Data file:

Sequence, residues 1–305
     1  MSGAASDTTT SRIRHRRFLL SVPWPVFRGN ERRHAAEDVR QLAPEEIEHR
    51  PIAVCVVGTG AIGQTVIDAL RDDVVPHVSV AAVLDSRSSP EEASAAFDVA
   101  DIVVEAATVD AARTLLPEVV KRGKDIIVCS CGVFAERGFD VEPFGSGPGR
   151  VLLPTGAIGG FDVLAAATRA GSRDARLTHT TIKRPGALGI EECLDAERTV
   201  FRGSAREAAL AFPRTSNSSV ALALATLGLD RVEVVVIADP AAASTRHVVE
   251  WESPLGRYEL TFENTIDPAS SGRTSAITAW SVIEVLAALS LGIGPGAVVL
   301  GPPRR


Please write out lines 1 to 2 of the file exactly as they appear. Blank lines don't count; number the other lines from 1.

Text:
Sequence, residues 1–305
     1  MSGAASDTTT SRIRHRRFLL SVPWPVFRGN ERRHAAEDVR QLAPEEIEHR